Ignoring gameplay elements inspired by the great Burt Bacharach, there are a handful of keflings that are a bit more helpful than the rest. These self-proclaimed lackies are earned through story progression, and really come in handy as the kingdoms become more complex. When you pull up a blueprint and start ordering parts, these helpful fellows will fetch the finished part. Not only that, but if you’ve built it before, once you lay the first piece they’ll finish it off for you. So, so useful. It takes a bunch of the tedium out of the game.
Not to be outdone, the other characters eventually improve. If you let them do a job for long enough, they will earn a level, which can be applied with a pat on the back. Before long they’ll begin to approach your own godlike harvesting and carrying ability, and that sort of blasphemy cannot be allowed to stand. Thankfully, potions, which are earned by getting the necessary ingredients (eyeballs), provide you with upgrades as well.
As you play, you’ll progress to different kingdoms, each with their own buildings and resources. Once you upgrade each to the utmost, your game is essentially over, but a few things have been thrown in to keep you interested. One is multiplayer, which lets you pull in another friend’s avatar to lend a hand building and/or terrorizing your kingdom. The other is the “musical cannons”, a sort of sadomasochistic sequencer that lets you play tunes by firing your little guys various distances with various accompanying animations.
Overall, the gameplay is nice, slow, and interesting. There is a very linear progression, and seeing your kingdom steadily grow is actually quite satisfying. The only real complaints I have are minor. The first is that there doesn’t seem to be any easy way to keep track of what keflings are doing what jobs. It is easy to tie up all of your workforce dropping wood off at the same workshop when you should be spreading them out to other buildings, and the only way to determine this is by watching where they walk. The other is that sometimes it can be a pain figuring out which of your many building produces the resource you need for the next step. They are color coded, which helps, but when your buildings are spread all across a literal world, hunting down the house with a yellow front yard can get irritating.
The soundtrack to this game is one of those rare examples of a short, repetitive song that I don’t mind listening to for long stretches. It is a merry little tune plucked on a genuine guitar, sort of a pseudo-folk music I suppose. It gets lodged in my head for hours after I finish playing, too. Keflings themselves communicate in nonsensical babbling noises, like the sims and the cast of Banjo Kazooie. When something important needs to be said, word balloons accompany the sounds. Otherwise you have to draw meaning from the body language and startled squeaks of dismay as you punt them across the map… not that I did that, of course….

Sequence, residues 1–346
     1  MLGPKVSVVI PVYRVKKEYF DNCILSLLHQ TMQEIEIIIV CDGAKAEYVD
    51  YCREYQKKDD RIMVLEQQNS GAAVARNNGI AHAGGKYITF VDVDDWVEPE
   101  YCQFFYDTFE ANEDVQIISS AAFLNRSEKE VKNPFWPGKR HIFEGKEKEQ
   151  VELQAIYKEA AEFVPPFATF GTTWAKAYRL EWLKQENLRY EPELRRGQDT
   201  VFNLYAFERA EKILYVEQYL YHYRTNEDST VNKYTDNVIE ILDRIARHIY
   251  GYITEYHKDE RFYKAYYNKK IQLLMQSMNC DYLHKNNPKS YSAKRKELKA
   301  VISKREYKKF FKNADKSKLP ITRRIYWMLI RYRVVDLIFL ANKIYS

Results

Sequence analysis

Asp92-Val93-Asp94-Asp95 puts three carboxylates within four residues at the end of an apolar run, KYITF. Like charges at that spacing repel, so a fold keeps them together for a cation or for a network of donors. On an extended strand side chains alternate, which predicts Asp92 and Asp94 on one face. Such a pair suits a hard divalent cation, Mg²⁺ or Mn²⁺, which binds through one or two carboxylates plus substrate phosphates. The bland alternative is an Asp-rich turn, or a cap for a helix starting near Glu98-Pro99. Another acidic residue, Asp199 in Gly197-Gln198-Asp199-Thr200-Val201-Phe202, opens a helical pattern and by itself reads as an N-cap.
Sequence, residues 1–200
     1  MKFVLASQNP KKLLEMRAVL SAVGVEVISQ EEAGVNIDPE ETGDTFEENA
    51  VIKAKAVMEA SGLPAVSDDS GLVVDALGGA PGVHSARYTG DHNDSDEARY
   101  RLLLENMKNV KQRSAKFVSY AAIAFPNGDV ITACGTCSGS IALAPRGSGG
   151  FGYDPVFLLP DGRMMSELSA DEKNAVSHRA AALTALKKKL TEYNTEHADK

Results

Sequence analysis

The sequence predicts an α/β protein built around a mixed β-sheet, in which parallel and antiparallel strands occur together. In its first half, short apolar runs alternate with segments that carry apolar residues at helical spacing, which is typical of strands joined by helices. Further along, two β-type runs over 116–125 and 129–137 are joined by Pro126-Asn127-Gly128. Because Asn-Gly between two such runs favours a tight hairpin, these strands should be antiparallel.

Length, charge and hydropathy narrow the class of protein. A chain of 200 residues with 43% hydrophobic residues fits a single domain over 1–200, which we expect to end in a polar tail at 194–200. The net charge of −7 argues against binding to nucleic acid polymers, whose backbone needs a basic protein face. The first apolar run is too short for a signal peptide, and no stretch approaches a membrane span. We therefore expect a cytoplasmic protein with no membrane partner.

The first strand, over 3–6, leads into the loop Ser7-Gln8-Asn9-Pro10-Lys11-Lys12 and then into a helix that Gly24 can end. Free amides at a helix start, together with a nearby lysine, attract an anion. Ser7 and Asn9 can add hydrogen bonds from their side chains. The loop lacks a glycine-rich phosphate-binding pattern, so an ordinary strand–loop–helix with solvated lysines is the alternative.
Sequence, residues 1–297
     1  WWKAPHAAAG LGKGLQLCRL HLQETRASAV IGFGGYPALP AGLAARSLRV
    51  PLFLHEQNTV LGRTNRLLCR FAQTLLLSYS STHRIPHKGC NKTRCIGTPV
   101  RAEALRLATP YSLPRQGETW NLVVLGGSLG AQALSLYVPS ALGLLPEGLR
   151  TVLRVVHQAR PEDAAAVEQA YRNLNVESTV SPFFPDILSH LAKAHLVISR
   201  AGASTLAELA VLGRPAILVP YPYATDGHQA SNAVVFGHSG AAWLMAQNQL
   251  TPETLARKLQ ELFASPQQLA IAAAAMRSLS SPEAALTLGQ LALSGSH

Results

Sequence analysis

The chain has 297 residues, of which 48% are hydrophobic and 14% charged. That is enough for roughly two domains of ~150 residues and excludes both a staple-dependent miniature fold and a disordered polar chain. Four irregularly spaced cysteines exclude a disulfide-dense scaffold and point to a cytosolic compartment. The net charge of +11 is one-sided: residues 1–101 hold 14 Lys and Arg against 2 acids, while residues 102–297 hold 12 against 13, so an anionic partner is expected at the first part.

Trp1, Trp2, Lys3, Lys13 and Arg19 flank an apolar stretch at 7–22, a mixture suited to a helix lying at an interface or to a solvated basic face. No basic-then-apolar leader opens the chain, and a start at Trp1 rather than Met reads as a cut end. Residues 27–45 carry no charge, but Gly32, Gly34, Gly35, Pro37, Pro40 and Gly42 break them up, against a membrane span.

The story of the game isn’t the most complex I’ve seen. Basically, a bunch of diminutive folks called keflings chip your avatar out of a block of ice, and immediately involve you in their civic works projects. Each of the kingdoms you encounter have various aspirations, usually aimed at the eventual construction of a castle. Along the way there are side plots that involve thawing frozen helpers or kicking loggers for the sake of environmentalism, too. What the story lacks in depth, though, it makes up for in character. The keflings you encounter are memorable and genuinely funny at times. The lackies in particular are off-the-wall, in a good way. The first pair are a bizarre pastiche of Canadians, punctuating their sentences with “eh” and the like. Next comes a barely verbal dimwit named “Scoob” (who is discovered in a quest named “Zoinks”. Nice.) and what is either a beefy lady in a frock or a cross dressing man. The quest-givers are humorous, too. The King of the Kingdom Without a Castle, for example, speaks almost entirely in incoherent malapropisms, and the witch walks the line between being delightfully wicked and a dangerous sociopath. (She EATS puppy dreams! GAH!) In a game where I fully expected to hammer the A button every time a dialogue screen came up, I found myself entertained by the quirky attitudes and subversive humor they’d saturated the cast with.
For an XBLA title and a Sim, A World of Keflings has just the right amount of depth. The delivery is entertaining, and the gameplay manages to do away with much of the tedium associated with the Genre. Throw in the interaction with the other promo-titles, and I’d say you have a winner on your hands.
8.0 / 10. A simple to learn, lighthearted sim that makes excellent use of your avatar.